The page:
Assetto Corsa Competizione PS5 review: The most realistic console driving experience
Assetto Corsa Competizione is now available for the PlayStation 5 and Xbox Series X|S, and following its first post-release update, provides a great platform for console pilots to build on.
If you want to take your virtual driving up a notch and enter the realm of a dedicated simulator, Assetto Corsa Competizione has been a go-to choice for leagues, esports events, and real-world drivers looking for training since 2018.
Until recently, however, this has largely been the preserve of those with a gaming PC – and a beefy one too due to the power-intensive programming of the official GT World Challenge game. It’s been available to those who have owned a PlayStation 4 or Xbox One console since 2020, but while that version performed well, its visual performance was a disaster.
Now, however, a new iteration has been released for the more powerful PlayStation 5 and Xbox Series X|S devices. Luckily, those who don’t have the space, time, or budget to set up a gaming rig can have one of the best home-driving experiences the way it’s intended.
What we have here is a huge range of GT3 and GT4 machines, up to 19 tracks, tight races against computer-controlled rivals and competitive online events, all tucked inside with jaw-dropping visuals , dynamic weather conditions and some of the most realistic driving feedback. about.
It’s this last point where Kunos Simulazioni’s eulogy for SRO’s GT racing series prowess has never been in doubt. Use a steering wheel device and the force feedback effect creates an unprecedented feeling of realism. Jumping over the curbs of Oulton Park is brutal enough to prevent track limit abuse, delivering more punch than a Tyson Fury knockout.
Assetto Corsa Competizione’s key strengths translated with aplomb, such as industry-leading engine audio, convoluted but engaging pit stop sequences, and a physics system that rewards in-depth parameter knowledge. steering lock, aerodynamic balance and tire pressure.
The same goes for some of the celebrated platform’s idiosyncrasies. There’s a driver rating system that constantly monitors your abilities – even in offline training – and if you don’t level up high enough, you’re barred from the best online races. A nice idea in principle that is not marked out enough.
Likewise, with button assignments, engine map use, and start-up procedures, you’re simply left to your own devices. Luckily, there’s a thriving community of advice articles, videos, and forums to dive into to lend a hand. In some ways, that’s part of the appeal, but I think more needs to be done to help explain the features and settings to newcomers.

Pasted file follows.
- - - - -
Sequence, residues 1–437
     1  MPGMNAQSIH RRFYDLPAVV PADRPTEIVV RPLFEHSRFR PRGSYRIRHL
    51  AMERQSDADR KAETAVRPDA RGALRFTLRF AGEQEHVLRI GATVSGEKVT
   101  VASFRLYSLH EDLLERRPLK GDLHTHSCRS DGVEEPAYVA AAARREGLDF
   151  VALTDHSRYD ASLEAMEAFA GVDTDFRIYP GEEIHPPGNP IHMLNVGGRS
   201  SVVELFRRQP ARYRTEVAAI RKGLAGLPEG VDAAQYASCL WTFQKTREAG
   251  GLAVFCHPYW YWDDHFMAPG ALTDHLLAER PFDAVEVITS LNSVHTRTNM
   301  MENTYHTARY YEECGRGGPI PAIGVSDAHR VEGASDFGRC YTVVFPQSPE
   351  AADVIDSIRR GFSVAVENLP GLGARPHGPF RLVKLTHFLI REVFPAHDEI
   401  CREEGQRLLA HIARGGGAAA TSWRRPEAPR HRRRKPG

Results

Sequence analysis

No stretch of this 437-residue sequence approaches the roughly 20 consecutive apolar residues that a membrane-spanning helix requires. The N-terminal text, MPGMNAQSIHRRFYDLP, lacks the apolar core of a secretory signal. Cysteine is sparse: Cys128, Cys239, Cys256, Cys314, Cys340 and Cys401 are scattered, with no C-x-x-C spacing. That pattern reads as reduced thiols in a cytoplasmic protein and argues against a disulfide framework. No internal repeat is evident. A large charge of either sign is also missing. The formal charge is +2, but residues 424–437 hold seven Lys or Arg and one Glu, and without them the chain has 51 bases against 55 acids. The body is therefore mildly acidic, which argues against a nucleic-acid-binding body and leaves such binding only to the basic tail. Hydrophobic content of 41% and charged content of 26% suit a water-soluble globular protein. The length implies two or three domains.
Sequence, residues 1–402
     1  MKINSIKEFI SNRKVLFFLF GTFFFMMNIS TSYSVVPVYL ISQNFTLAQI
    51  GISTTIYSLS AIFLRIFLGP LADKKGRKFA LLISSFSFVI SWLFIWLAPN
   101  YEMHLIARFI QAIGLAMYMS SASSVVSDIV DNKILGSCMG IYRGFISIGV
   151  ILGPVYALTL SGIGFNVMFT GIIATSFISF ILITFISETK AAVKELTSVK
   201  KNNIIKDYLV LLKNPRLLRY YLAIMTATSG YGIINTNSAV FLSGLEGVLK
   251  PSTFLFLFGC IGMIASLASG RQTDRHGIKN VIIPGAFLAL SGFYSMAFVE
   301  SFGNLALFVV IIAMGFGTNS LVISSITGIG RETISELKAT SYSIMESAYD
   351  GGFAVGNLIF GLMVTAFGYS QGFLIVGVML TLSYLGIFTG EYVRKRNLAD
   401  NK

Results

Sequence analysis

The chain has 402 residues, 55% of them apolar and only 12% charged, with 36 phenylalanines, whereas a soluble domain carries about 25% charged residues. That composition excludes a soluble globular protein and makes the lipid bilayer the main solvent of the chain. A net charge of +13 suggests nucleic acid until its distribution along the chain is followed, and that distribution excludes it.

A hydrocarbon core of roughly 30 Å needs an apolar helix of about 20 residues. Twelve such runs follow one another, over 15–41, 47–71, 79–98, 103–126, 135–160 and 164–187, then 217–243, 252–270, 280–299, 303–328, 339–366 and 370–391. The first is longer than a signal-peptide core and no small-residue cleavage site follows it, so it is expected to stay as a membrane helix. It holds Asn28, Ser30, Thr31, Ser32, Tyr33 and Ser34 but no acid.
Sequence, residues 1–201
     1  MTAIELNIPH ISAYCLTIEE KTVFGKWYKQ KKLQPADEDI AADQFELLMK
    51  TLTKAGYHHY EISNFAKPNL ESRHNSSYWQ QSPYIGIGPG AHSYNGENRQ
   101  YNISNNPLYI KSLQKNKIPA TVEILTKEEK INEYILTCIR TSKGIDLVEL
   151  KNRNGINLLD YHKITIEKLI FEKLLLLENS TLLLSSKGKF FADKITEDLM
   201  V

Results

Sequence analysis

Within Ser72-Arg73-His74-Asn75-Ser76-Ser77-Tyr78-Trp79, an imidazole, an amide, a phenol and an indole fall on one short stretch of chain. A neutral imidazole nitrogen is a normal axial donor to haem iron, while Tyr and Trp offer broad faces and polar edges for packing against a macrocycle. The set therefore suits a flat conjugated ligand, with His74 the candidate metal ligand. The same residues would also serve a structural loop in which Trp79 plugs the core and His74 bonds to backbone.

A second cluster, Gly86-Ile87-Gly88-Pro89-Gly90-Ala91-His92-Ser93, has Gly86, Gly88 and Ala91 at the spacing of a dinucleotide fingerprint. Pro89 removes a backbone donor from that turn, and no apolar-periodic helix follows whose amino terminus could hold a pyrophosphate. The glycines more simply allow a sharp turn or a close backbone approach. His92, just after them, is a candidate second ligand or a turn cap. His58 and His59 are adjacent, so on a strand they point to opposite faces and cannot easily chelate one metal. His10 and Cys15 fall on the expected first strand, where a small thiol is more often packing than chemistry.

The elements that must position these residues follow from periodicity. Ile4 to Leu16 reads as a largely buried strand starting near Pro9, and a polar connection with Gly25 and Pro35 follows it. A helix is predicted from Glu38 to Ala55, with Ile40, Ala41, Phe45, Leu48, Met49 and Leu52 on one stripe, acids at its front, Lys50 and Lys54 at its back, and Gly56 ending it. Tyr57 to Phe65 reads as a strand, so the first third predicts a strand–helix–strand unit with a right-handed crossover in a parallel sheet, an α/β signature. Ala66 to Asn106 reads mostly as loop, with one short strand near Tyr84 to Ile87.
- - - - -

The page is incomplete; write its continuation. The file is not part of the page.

The Solo Career structure isn’t exceptional either, for the most part a procession of racing events with no attempt to add extra depth through team management. Again, for a focused platform like this, anything outside of time trials and multiplayer can be considered a bonus.
Visually, it works well and looks as good as a powerful PC, if not aesthetically cutting edge. Load times are also fleeting, helping you go from a night race at Mount Panorama to a GT4 event at Kyalami in the blink of an eye.
As a bonus, private online lobbies are included, allowing you to natively race with friends without hiring a server. Not being able to change racing settings dampens the appeal somewhat, and the omission of driver swaps likely means esports competitions won’t take place on PlayStation or Xbox, though.
At launch there was a litany of small, slightly off-kilter blunders – like the throttle cut when you were going to change the car’s settings on the track – but the vast majority of them were changed quickly, and so now the result final is mainly plane sailing. Watch that steering lock setting, though…
On the PC, however, there was an update to version 1.8 in November 2021 which further improved the handling characteristics, but this has not yet materialized for the more affordable devices. Hopefully this appears sooner rather than later, as it means recent Challengers Pack content that included Valentino Rossi’s Audi and the latest Porsche 911 Cup cannot be released on console at this time.
Yet driving against a crowded GT3 field, at night, in the rain, around Spa-Francorchamps with the most aural pleasing sound design in the sim racing space is a brutal, yet rewarding challenge that any fan motorsport should rise. Hopefully now with these new console releases, many more will do.
|Developer||Kunos Simulazioni and Untold Games|
|Release date||February 22, 2022|
|Platforms available||PlayStation 5 and Xbox Series X|S (PC, PlayStation 4 and Xbox One previously available)|
|Version tested||PlayStation 5|
|Best played with||steering wheel device|
Full disclosure: A code for the game has been provided by the publisher for review. Here is our review policy.